(725b) Electrospun Pretreatment Membranes | AIChE

(725b) Electrospun Pretreatment Membranes


Mithaiwala, H. - Presenter, Arizona State University
Green, M. D., Arizona State University
Approximately 96.5% of Earth’s water is found in the seas and oceans, 1.7% in the ice caps, 0.8% considered as fresh waters and the remaining percentage consists of brackish water, slightly salty water found as groundwater in aquifers and as surface water in estuaries.1 Water shortages due to growing industrialization and urbanization has existed for a long time, and there arises a dire need to convert saltwater into potable water. Today, the demand for potable water exceeds the conventional available water resources and its production has become a worldwide concern. Recently, researchers have underlined reverse osmosis (RO) as the most optimized technology for gaining access to clean water and meet global demands.2RO is an energy intensive process and often RO membranes are susceptible to fouling and scaling that drives up operational cost and hinder the efficiency. To increase the performance of RO membranes the feed water is pretreated to remove pollutants before desalination. This work aims to fabricate pretreatment membranes to prevent the effects of fouling and scaling by introducing hydrophilic character to membrane surface.

This work explores electrospinning, a cost-effective and scalable technique, to blend two polymers into a nonwoven membrane comprised of fibers ~100 nm – 100 µm in diameter. A rotary drum collector holding the mat simultaneously collects the hydrophobic poly(vinyl chloride) and hydrophilic poly(vinyl alcohol) (PVA) fibers being electrospun from two separate solutions. The work aims to tune the hydrophilicity of the resulting membrane by controlling the relative deposition rate of PVA onto the mat. After electrospinning, the mats are cross-linked with a poly(ethylene glycol) diacid to impart mechanical strength and tune the porosity. It was found that the pore size of the membrane mats varied from 500 nm to 80 nm when the concentration of the crosslinker was reduced. Fiber morphologies were characterized by scanning electron microscopy and the elemental composition across the membrane was mapped by energy dispersive X-ray spectroscopy. Additionally, membrane characterization tests (e.g., differential scanning calorimetry, thermogravimetric analysis, and Fourier-transform infrared spectroscopy) confirmed the presence of both polymers on the mat. A rigorous analysis method was developed combining the above results to estimate mass deposition rate, relative concentration of both polymers on the mat, and correlate PVA concentration with hydrophilic character.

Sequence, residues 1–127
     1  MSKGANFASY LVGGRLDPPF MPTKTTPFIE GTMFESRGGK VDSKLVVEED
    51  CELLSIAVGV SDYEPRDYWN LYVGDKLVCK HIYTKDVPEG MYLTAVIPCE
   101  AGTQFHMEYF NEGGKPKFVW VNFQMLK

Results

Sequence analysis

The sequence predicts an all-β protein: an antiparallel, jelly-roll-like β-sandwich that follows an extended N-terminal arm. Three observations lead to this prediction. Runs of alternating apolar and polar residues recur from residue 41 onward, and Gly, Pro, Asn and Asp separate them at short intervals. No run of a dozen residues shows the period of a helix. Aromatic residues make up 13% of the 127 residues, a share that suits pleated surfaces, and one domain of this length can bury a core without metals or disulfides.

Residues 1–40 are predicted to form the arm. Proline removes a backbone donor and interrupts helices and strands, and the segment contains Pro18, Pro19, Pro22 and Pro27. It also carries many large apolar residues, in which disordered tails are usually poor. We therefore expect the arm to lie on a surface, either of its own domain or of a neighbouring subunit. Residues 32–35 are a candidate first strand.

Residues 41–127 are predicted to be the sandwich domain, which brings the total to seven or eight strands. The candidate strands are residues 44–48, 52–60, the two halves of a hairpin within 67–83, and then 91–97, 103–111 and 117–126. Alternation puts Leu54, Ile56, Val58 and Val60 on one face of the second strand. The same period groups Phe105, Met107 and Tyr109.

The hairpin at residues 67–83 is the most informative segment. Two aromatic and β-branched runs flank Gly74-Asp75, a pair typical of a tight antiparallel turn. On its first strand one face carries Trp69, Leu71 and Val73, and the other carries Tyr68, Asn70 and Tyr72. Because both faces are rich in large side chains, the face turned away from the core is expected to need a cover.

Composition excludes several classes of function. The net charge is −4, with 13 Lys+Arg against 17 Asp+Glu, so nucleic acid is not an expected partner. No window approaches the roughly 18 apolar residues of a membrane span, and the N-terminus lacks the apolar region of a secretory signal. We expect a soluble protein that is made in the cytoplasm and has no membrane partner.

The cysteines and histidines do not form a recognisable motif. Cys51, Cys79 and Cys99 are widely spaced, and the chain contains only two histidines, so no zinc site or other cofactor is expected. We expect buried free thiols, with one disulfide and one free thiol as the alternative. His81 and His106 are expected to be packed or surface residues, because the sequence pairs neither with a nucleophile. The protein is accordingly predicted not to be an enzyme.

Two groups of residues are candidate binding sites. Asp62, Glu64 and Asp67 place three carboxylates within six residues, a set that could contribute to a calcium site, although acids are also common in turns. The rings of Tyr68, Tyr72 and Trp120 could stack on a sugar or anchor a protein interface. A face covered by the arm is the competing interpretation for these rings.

1. Greenlee, L. F., Lawler, D. F., Freeman, B. D., Marrot, B., Moulin, P., & Ce, P. (2009). Reverse osmosis desalination: Water sources, technology, and today’s challenges. Water Research, 43(9), 2317–2348. https://doi.org/10.1016/j.watres.2009.03.010
  2. Lee, K. P., Arnot, T. C., & Mattia, D. (2011). A review of reverse osmosis membrane materials for desalination-Development to date and future potential. Journal of Membrane Science, 370(1–2), 1–22. https://doi.org/10.1016/j.memsci.2010.12.036